Now that most of the kids are out of school and outside playing in the yard many of you have noticed a pesky problem.
For some it could be primarily a cosmetic problem but for the ones who have baseball games held in the front yard it could be a painful problem for bare feet. Lawn Burweed is a winter annual that often goes unnoticed until the plant is fully mature. This weed germinates in the fall and has a pale green leaf that resembles parsley.The problem with this weed is that as the temperatures rise in the spring it moves into its reproductive cycle where it forms a spine tipped burr at the tips. These are the defense for the seed and also an inconvenience to pets and bare feet.
Control of this weed is much easier with a healthy turf going into the fall. Making sure that you lawn receives the proper amount of water, sunlight, and nutrients are the best defense against this weed as well as others. Chemical control is also used in the fall as a pre-emergence and late winter as post-emergence. For pre-emergence control, products that have Isoxaben, Prodiamine, or Pendamethalin can be applied in late fall. For post-emergence control products that contain Atrazine is safe on Centipede and St. Augustine and on dormant Bermudagrass. Products that contain 2,4-D, dicamba, and mecoprop can be used on Bermudagrass and Zoysia but can injure St. Augustine and Centipede. Anytime you use chemical control always read and follow label directions.
Lawn burweed poses a unique problem as it almost always escapes our eye as we do not travel our yard often in the winter months but almost always find it in the spring and summer months when it is too late. For those that have this problem now remember that a full, lush turf is a great defense.
Try to grow in these areas between now and when temperatures start to decline. Also, be prepared to spray in late fall to inhibit this weed from germinating and again in late winter to catch all of those that escaped. Once you have this pest under control the neighborhood pets and kids will love spending time outside. For more information call your local extension office and take a look at Publication 1322 “Establish and Manage Your Home Lawn“.
For those who have lost the battle with weeds and winter kill over the past two years there is still a chance to turn it around. There was not as much turf was lost to winter kill last year as the previous winter but we did lose some due to improper timing and rates of herbicides. For example glyphosate, i.e. Roundup, is safe on dormant bermudagrass for nonselective control of winter weeds. However, this mild winter and spring warm up allowed the turf to break dormancy earlier than normal. That means that this safe application in previous years became lethal and for the most part had some severe injury on the established lawn.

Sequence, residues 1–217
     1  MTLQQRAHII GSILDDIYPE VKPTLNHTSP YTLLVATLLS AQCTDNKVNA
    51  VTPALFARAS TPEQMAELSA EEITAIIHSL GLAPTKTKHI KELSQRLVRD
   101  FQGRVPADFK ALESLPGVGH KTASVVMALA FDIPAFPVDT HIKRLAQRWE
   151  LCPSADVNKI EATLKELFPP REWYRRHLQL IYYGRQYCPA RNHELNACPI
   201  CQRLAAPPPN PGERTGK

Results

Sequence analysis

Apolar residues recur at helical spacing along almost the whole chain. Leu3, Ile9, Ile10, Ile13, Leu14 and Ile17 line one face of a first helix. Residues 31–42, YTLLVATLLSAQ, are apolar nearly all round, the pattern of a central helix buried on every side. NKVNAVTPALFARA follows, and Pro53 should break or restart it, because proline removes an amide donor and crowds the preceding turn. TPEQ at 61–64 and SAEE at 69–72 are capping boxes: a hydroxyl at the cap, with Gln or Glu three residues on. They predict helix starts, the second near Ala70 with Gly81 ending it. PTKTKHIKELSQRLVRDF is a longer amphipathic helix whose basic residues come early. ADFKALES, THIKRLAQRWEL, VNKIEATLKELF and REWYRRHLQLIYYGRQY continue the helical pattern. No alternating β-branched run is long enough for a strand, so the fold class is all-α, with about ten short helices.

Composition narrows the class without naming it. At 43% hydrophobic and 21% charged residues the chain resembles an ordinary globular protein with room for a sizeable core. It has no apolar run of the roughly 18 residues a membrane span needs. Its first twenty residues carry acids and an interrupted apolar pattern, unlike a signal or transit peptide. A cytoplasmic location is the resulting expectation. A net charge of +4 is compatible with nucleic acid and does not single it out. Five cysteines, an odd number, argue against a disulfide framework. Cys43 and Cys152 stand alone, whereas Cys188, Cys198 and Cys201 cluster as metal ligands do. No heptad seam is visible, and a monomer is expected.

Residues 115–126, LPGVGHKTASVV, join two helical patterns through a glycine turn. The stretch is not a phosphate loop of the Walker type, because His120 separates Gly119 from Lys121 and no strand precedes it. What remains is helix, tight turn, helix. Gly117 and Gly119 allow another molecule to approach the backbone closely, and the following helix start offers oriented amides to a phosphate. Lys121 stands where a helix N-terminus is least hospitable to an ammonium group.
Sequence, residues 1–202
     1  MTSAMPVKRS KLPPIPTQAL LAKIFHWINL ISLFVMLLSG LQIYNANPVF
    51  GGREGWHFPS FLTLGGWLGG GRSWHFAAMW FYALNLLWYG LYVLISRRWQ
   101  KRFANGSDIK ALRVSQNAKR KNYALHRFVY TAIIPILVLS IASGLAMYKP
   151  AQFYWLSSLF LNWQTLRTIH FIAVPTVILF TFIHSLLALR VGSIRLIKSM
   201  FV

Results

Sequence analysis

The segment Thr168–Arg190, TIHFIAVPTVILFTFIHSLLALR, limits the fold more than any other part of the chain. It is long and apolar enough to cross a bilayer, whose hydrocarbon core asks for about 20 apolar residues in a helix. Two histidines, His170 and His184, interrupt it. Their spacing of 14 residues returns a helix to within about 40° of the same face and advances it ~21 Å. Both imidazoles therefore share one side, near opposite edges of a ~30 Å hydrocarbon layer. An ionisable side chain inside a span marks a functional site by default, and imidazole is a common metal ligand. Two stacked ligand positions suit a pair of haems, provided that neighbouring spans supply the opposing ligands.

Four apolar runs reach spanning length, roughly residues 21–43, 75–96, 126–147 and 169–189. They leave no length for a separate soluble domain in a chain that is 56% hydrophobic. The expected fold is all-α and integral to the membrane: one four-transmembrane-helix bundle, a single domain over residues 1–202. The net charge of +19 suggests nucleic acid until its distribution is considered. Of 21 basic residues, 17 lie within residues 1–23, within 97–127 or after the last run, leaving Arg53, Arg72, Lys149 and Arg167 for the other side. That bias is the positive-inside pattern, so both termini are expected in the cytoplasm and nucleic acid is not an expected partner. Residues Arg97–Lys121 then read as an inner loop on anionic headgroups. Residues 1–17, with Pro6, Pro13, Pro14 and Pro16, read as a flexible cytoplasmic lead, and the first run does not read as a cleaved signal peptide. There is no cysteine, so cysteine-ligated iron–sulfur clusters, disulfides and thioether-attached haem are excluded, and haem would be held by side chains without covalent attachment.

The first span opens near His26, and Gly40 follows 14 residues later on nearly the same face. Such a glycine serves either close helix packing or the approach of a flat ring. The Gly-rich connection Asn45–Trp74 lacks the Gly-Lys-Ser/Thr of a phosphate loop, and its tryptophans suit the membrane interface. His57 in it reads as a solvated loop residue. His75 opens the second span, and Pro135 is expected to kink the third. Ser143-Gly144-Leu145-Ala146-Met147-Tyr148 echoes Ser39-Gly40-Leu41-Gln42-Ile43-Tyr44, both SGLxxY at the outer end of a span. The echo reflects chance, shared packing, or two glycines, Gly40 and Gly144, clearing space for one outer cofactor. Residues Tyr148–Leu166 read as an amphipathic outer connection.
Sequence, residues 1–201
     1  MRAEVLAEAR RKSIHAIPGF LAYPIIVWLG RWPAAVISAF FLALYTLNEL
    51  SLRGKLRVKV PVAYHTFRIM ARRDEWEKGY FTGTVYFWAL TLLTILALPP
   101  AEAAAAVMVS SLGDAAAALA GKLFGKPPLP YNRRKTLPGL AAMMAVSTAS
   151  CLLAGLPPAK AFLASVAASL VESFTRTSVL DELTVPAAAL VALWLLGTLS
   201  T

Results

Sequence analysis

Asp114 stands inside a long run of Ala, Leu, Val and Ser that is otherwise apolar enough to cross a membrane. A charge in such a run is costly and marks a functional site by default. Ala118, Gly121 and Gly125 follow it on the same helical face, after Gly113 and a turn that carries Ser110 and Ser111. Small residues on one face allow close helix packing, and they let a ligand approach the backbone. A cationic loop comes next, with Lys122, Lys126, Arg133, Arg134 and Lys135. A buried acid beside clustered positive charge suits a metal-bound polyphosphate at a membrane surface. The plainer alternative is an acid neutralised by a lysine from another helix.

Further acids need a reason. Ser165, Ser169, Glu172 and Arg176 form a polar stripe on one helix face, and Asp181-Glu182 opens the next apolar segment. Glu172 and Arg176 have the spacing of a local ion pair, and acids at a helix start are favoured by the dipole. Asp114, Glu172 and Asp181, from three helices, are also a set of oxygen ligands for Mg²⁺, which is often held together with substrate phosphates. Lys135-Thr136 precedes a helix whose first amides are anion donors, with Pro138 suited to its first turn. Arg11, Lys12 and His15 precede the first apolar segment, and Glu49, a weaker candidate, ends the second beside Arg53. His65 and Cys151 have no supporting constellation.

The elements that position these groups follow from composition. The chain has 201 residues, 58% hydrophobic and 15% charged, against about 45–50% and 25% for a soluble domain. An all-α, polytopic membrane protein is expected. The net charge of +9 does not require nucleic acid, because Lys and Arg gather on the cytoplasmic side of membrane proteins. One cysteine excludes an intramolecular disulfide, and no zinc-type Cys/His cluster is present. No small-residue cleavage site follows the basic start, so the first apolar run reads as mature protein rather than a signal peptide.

Others have been waiting for quite some time to get out their chemical control allowing the winter and summer weeds to become a part of the landscape. Remember anytime you use any herbicide, fungicide, or insecticide always read and follow the label.
The first point to keep in mind is that a healthy lawn can battle many of the insect, weed, and disease pressures that it faces. This means that a little extra care when mowing, fertilizing and watering your lawn will help maintain its ability to outgrow/crowd out the competition. Also remember that some weeds can also be indicators for agronomic problems such as low/high pH, poor drainage, standing water, and compaction. So keep some of the next steps in mind when trying to maintain your landscape.
The right grass has been selected for you lawn
Soil testing and right fertilization is being applied
Meeting the water and light requirement of the grass
Mowing at the correct height and frequency
Remember that the oak/maple that you planted in the yard 15 years ago was small enough to allow light to the base of the tree and now it shades a good portion where you are noticing some turf decline over the past couple of years. This can be solved in by a few mutualistic ways. One way is to plant a ground cover/flower bed and place some plants that can thrive in a more shaded environment.
Just keep in mind that all plants need sunlight while some can thrive on indirect sunlight. The second option is to work with a professional on trying to remove some of the branches in the tree allowing more sunlight to pass through the canopy and reach the base of the tree.
Chemical control is just one piece of the puzzle and should accompany the others stated.
If you experiencing some declining turf or weed issues remember most grasses are pretty hardy and with just a few extra steps you can provide your family with many years of an aesthetically pleasing landscape to be proud of. For more information about establishing and maintaining your home lawn contact your local extension office and ask for a publication 1322.